'Enterprise' Guest Stars Recall Trek ExperiencesBy Michelle
February 21, 2005 - 10:37 PM
Star Trek: Enterprise guest stars Tucker Smallwood and Laurence Monoson, who appeared last weekend at the SF Ball in Great Britain both expressed regret at the cancellation of the series, though each had appeared previously on the series and felt that the franchise would return in yet another form.
"My sense is in many ways this franchise was not taken to heart as some of the earlier incarnations were," said Smallwood in comments reported by Sci Fi Pulse. "It needs a bit of a break and maybe you know in 2 or 3 years whatever, it will come back with a new concept, a fresh idea and you will be hungry for new things."
In addition to his popular role as the Xindi Primate council member who appeared in numerous episodes of Enterprise's third season, Smallwood played Admiral Bullock in Star Trek: Voyager's "In the Flesh." A veteran actor of almost 40 years' experience, Smallwood noted that there was less collaboration between the actors and the production team on Star Trek than on most series. "They are unique in my experience," he explained. "I change everybody's dialogue...I know my own rhythms and generally writers know that I will respect their intent but I know how my character speaks and if it's an authority figure you can't be looking for how to say it." With Star Trek, however, "you do not change a definite article. I've never seen anything as arbitrary or as enforced as that."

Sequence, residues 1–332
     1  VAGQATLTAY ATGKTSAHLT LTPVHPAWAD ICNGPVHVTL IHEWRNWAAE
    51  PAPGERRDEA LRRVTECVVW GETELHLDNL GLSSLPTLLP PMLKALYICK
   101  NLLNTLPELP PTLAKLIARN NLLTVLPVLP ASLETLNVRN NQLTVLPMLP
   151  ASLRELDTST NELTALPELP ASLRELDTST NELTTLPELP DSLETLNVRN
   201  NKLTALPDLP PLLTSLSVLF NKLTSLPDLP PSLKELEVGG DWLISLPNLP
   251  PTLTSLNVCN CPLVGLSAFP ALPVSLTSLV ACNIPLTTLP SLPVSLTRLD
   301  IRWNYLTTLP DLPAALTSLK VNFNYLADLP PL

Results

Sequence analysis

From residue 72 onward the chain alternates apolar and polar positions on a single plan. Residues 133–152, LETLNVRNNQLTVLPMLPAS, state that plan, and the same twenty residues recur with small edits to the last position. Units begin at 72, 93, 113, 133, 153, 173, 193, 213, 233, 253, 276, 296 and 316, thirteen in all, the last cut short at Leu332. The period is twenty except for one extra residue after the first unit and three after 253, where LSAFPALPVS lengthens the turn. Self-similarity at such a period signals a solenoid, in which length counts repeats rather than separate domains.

He was pleased to be able to create the social mores of Xindi culture along with Randy Ogelsby (Degra). "Generally in science fiction and particularly in Star Trek the alien races have a culture and there's a bible." But unlike the Klingons, the social customs of the Xindi had not been scripted, which gave the actors some room in "creating all of that."
Monoson played first officer Matthew Ryan in the first season Enterprise episode "Fortunate Son" and the trainee storyteller Hovath from Deep Space Nine's "The Storyteller." He explained that he argued with the producers, saying that he did not want to shave his sideburns for a one-shot appearance and that when they made him a recurring character, then he'd consider it.
Concerning Enterprise, he noted, "One interesting thing have been hearing from people about this year is that it has been finding a certain cool groove, and it just seems to be finding its voice and Paramount have cancelled it when many thought the shows would run into infinity."
The original article with photographs may be found at Sci Fi Pulse.